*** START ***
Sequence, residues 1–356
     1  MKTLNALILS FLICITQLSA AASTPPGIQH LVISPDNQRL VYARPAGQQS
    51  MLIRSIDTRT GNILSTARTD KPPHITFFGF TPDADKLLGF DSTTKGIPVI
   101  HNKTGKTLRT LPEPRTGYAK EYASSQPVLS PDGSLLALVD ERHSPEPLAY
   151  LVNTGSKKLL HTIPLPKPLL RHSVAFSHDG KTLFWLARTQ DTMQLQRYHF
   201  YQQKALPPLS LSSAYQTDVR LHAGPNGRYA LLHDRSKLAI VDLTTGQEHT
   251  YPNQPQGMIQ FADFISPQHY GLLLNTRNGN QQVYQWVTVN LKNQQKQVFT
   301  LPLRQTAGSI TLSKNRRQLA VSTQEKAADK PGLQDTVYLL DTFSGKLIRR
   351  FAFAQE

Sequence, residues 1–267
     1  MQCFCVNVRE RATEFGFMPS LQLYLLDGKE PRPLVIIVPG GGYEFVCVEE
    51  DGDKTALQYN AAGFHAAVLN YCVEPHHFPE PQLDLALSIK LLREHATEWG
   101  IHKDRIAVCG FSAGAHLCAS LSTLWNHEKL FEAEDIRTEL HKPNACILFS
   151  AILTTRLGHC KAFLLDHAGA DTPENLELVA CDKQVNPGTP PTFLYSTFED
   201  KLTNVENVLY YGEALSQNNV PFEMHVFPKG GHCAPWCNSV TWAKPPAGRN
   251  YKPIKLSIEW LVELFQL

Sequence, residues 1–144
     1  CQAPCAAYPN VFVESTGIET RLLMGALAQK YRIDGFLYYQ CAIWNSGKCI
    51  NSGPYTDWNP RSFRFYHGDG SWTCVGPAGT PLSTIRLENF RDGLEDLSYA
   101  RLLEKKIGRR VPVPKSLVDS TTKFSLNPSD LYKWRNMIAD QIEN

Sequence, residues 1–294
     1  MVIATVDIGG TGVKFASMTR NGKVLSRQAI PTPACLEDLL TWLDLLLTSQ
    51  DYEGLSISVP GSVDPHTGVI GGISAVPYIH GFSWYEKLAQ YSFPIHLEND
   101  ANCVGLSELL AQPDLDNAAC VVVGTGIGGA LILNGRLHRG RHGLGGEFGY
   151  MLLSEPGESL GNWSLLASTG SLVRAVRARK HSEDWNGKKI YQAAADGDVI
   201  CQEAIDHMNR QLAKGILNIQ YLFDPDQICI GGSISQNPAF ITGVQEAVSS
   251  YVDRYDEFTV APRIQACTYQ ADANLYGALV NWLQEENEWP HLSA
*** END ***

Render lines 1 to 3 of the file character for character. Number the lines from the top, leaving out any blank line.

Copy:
Sequence, residues 1–356
     1  MKTLNALILS FLICITQLSA AASTPPGIQH LVISPDNQRL VYARPAGQQS
    51  MLIRSIDTRT GNILSTARTD KPPHITFFGF TPDADKLLGF DSTTKGIPVI